The best story to come out of Election Day wasn't that underdog Republican Johnny Destino nearly managed to beat Mayor Paul Dyster, who took the contest by fewer than 700 votes, despite outspending his opponent by better than five to one. Dyster was expected to win, he won, and 4,000 more people will have left the city by the end of his second term.
It wasn't even that incumbent city Councilman Bob Anderson once again was the top vote getter in Niagara Falls, outpacing the wounded mayor 6,984 to 4,756 -- three times the margin by which Dyster squeaked past Destino. The sleazy Dyster machine stooped so low as to run a full-page ad in the Niagara Gazette showing Anderson in apparent support of the mayor and unsuccessful Council candidate Alicia Laible, despite the fact that the local Democratic Committee controlled by the mayor refused to endorse him.
Anderson was dumbfounded by the political dirty trick, and registered his anger with the Gazette and spoke to an attorney about the matter. If he had run for mayor, he'd have won. Not even the fact that the people elected Glenn Choolokian, creating a three-to-two anti-Dyster majority on the city council ranks as the top Election Day story in my book, even though that majority should go a long way toward thwarting the mayor's tax-and-spend policies.
No, for my money, the best Election Day story this year took place near Ninth Street and Walnut Avenue when a 56-year-old man was robbed at knifepoint by two boys he described as barely in their teens while walking home after proudly casting his vote for Dyster.
The boys first asked the man for a "five," but he ignored them. They began following him and confronted him with a box cutter, which they held to his stomach, demanding cash. He reached into his pocket and pulled out a measly $7, which he handed over.
Not satisfied with the haul, one of the boys reached into the man's back pocket, taking his wallet.
Now it was the victim's turn. He followed the boys, telling them there was no money or credit cards in the wallet, so they might just as well give it back to him. They checked, and indeed, they did give it back.
And that's what we have come to in Niagara Falls, a place where an average citizen, walking around with seven bucks and no credit cards in his pockets, gets held up by a couple of feral children who absolutely should have been in school after exercising his sacred right as an American and participating in a meaningless charade that allows him to think he's actually "doing something" about the city's myriad problems.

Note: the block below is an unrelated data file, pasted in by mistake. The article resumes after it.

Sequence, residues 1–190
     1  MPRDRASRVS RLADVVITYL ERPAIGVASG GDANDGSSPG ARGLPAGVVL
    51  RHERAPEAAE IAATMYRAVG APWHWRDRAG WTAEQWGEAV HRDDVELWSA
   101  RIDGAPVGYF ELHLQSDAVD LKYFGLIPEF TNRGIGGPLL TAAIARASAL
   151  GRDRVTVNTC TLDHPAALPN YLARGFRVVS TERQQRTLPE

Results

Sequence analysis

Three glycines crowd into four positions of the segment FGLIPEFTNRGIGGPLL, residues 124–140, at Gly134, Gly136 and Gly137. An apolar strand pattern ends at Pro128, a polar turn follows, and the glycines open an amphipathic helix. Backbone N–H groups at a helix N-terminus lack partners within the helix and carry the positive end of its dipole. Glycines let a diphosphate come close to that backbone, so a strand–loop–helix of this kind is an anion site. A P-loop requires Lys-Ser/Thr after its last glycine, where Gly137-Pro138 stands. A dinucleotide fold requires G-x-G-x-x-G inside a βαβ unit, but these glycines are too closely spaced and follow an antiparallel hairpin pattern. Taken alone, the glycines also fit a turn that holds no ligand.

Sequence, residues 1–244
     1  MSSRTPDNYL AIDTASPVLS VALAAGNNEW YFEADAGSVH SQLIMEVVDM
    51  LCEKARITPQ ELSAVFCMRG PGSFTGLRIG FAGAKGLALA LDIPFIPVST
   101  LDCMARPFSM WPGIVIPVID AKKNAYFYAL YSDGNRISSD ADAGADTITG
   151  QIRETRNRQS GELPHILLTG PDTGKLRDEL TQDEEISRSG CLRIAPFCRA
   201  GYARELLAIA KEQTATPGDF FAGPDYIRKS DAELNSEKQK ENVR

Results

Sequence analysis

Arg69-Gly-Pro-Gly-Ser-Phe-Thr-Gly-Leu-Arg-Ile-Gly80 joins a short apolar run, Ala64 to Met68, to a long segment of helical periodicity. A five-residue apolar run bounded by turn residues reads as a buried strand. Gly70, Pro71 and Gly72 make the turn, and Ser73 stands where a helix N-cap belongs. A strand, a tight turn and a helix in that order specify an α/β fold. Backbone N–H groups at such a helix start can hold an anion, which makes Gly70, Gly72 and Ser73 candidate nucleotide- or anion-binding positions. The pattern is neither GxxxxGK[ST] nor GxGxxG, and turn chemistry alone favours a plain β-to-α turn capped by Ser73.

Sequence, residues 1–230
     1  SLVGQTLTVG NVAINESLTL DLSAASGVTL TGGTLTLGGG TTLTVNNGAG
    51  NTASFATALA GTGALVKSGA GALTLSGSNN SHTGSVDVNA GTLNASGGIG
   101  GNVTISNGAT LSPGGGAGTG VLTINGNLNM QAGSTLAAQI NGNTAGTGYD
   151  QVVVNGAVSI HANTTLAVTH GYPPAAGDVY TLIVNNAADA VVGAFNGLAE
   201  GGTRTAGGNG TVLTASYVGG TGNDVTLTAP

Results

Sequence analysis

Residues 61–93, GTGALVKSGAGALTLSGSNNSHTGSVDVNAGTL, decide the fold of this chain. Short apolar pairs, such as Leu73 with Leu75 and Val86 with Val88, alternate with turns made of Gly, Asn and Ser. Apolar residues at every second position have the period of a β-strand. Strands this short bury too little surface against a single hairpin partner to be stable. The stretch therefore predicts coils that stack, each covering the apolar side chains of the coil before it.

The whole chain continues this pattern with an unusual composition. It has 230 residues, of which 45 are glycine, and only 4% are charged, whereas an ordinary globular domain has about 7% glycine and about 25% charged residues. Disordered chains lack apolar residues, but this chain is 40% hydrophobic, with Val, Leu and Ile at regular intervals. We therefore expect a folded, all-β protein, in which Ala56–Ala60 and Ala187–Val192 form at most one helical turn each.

That's democracy, boys and girls. Beautiful, ain't it?
The ramshackle brick apartment building at the corner of our block finally was condemned by the city, forcing the 12 or 15 drug dealers and dependents living there to find greener pastures elsewhere in the city. Over the summer the building became a popular stop for the local constabulary, who broke up craps games in the driveway, intervened in domestic disputes and made the occasional drug-related arrest.
It was always fun to come home from work on hot summer evenings to the sight of a mob sitting on stolen milk crates and dilapidated lawn furniture there on the corner, toddlers darting unsupervised into the street. Our neighbors were even so considerate as to share their taste in music with the rest of the block, blasting it from the speakers of an automobile sound system that undoubtedly cost more than the jalopy it had been installed in.
But all good things come to an end. About a week after the condemned sign went up, the people moved out en masse, and about a week after that, last week, the utility companies came and cut off the water, gas and electric. The street ran brown with mud from the various excavations.
I guess all that remains is for the city to leave the house abandoned and open long enough to allow the former residents or their friends and associates to come back and steal the copper plumbing. And then the building, which looks like it might have been pretty nice 100 years ago when it was built, can crumble until it becomes even more of a public safety hazard, in a process that has left whole neighborhoods here resembling the sort of spooky post-apocalyptic movie sets one sees in zombie movies.
An eternal optimist, I am hoping that Mayor Paul Dyster manages to turn the city around during his second term in a way he was completely unable to do during his first. I hope that crime drops to the point that there is no longer the need to cook the books and cherry-pick data to make people feel good, and I hope that residents and businesses come flocking back after the significant tax cuts needed to make such a thing happen do indeed happen.
Do I think any of those things will actually happen?
No, but isn't it pretty to think so?
|Niagara Falls Reporter||www.niagarafallsreporter.com||Nov. 15, 2011|